A Note on the role of bank capital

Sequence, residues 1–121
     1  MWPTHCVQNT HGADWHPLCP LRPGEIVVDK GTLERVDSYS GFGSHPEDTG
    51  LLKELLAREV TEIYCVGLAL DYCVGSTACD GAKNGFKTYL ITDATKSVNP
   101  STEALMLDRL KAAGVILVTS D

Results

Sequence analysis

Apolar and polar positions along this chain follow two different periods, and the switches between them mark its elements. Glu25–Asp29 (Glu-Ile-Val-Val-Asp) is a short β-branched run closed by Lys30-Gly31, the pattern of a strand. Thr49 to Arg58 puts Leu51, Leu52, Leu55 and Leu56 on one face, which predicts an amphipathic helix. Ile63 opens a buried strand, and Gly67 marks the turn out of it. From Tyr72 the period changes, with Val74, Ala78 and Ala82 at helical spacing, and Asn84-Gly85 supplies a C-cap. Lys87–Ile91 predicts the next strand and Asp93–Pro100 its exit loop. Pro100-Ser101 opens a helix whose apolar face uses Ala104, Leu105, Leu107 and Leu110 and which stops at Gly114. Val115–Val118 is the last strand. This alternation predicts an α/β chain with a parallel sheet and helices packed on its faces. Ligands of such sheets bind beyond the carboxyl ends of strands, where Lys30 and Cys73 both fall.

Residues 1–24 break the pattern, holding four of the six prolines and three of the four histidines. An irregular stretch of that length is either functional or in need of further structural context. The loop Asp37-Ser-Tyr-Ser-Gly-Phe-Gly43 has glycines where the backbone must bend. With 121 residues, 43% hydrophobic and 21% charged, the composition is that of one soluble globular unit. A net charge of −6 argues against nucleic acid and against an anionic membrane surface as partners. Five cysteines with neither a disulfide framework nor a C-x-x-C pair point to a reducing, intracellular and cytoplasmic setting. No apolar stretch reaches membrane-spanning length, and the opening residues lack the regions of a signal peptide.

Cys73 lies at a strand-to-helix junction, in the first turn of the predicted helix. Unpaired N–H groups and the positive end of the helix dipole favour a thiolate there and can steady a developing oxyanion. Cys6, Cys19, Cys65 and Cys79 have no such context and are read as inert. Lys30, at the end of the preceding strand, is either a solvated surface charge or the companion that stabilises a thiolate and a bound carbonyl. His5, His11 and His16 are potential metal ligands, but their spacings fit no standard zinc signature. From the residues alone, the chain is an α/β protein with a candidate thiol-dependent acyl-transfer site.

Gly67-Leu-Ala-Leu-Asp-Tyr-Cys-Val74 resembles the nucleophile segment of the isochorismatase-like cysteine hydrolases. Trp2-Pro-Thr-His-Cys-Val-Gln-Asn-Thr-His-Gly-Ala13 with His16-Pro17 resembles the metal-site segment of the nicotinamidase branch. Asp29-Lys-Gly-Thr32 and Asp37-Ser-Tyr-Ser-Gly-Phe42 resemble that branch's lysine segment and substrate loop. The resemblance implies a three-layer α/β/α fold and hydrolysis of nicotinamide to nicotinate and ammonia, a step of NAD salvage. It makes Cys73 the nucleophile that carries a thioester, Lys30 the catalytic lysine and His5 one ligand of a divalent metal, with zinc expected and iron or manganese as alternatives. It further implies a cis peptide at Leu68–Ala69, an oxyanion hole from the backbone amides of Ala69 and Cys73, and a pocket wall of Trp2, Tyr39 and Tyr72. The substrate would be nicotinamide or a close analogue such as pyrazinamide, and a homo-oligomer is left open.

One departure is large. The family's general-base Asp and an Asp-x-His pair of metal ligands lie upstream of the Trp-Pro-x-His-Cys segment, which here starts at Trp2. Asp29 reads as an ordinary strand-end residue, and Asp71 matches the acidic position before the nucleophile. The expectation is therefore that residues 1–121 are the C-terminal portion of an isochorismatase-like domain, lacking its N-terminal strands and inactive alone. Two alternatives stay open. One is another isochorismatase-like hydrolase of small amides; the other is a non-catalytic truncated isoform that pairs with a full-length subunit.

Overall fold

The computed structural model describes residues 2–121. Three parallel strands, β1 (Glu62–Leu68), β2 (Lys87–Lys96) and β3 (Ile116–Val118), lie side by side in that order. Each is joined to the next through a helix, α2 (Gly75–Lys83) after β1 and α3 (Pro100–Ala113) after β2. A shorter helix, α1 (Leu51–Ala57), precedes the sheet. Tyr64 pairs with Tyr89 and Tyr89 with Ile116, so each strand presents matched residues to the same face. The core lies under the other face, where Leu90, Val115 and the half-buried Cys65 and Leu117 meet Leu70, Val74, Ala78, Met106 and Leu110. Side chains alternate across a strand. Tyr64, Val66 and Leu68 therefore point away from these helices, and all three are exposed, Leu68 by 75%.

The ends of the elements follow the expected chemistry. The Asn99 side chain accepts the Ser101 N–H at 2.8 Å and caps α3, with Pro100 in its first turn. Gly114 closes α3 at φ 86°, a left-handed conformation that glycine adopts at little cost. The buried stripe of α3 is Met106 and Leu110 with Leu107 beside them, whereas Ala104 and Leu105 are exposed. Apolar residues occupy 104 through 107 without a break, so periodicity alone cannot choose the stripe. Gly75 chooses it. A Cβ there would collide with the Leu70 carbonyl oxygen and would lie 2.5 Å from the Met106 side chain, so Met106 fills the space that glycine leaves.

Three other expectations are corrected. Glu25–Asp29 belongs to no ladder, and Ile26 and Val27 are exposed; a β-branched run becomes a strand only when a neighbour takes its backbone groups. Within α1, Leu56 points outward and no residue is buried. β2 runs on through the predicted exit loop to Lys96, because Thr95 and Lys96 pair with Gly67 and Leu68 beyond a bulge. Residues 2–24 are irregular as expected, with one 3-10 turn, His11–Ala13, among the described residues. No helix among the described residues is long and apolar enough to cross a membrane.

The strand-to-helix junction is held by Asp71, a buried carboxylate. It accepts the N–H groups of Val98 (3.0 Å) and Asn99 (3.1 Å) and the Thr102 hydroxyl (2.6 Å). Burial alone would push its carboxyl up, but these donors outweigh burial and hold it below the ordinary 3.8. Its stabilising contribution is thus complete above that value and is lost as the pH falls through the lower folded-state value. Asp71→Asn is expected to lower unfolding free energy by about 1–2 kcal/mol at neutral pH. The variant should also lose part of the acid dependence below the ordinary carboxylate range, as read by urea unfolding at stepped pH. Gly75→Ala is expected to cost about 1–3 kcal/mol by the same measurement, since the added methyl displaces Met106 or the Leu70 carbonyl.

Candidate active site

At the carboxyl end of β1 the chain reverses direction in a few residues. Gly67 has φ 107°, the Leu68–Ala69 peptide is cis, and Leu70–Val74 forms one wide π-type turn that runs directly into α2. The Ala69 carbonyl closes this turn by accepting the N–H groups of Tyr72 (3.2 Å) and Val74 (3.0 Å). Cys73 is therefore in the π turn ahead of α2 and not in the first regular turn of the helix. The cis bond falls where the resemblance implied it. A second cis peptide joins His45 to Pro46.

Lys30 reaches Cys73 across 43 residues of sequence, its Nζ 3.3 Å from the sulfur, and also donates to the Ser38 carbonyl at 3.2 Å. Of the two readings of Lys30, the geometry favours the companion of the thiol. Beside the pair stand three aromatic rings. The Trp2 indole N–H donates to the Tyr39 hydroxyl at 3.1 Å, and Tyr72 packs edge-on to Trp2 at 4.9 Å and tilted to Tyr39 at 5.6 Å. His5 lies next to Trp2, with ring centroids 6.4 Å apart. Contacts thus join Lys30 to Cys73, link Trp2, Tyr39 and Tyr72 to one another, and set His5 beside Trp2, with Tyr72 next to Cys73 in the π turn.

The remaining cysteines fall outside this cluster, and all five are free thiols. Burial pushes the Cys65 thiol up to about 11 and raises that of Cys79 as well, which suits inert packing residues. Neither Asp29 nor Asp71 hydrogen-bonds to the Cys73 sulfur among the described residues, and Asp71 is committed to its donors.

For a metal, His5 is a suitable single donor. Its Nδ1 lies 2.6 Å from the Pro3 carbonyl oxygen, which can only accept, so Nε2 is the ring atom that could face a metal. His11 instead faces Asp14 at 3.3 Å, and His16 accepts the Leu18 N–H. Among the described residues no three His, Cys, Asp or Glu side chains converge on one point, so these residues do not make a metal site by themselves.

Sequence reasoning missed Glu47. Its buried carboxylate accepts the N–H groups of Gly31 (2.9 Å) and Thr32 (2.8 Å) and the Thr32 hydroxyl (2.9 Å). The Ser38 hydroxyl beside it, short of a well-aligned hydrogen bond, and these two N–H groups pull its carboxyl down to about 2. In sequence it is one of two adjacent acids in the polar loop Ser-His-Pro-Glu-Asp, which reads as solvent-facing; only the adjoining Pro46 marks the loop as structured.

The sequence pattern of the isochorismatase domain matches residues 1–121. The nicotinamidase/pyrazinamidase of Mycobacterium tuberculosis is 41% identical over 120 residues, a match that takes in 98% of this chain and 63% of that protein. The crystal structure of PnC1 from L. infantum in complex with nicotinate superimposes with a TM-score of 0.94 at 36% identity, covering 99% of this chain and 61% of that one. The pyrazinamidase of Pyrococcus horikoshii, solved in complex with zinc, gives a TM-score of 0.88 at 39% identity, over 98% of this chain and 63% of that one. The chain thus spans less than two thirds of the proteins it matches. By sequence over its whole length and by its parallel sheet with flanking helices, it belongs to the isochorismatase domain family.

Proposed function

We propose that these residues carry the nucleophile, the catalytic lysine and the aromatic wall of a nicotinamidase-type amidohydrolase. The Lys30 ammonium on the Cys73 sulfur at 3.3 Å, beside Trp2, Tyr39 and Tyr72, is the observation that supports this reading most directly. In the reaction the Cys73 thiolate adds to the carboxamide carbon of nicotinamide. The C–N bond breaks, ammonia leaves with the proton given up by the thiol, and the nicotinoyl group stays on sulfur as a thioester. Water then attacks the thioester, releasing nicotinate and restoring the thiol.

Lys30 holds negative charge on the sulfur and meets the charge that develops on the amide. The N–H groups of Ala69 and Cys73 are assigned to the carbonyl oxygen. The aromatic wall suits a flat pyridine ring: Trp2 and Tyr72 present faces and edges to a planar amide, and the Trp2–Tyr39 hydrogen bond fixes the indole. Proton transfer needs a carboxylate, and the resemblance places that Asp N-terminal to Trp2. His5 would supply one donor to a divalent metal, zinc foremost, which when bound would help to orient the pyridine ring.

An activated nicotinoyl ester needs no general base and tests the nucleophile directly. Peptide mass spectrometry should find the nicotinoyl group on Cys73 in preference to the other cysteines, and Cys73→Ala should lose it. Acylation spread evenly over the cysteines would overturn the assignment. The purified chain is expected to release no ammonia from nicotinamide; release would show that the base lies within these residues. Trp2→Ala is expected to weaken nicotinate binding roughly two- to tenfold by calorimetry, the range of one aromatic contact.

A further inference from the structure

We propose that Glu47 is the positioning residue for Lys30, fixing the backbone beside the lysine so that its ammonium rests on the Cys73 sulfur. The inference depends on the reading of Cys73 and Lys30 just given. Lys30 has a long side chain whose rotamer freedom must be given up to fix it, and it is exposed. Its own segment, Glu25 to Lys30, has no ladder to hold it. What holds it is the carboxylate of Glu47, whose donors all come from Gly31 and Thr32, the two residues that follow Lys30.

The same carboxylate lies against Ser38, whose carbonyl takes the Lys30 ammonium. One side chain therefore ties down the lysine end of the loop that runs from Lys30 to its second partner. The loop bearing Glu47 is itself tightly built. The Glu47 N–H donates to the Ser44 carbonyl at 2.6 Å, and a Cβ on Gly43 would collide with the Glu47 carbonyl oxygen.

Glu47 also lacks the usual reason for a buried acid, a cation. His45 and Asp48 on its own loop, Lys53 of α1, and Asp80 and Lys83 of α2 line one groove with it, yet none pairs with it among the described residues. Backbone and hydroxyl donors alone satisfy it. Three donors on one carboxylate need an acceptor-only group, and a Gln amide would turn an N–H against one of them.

This note explores how a bank’s balance sheet responds to a capital shock in a simple model of the banking firm where both loan demand and deposits are sensitive to a bank’s capital position relative to its competitors. An unconstrained bank shrinks its deposit base in the wake of a capital loss if loan demand is very sensitive to the bank’s relative capital position. The deposits of an unconstrained bank expand only if both deposit and loan demands are fairly immune to a bank’s relative capital position. In a simple model with reserves we show that in the wake of a capital loss the adjustment of loans and reserves under a binding constraint depends on the parameters of the model while the adjustment of total assets and liabilities does not. Loans decrease by the size of the capital loss plus the increase in reserves. If the constraint is not binding then loans generally decrease by more than the increase in reserves.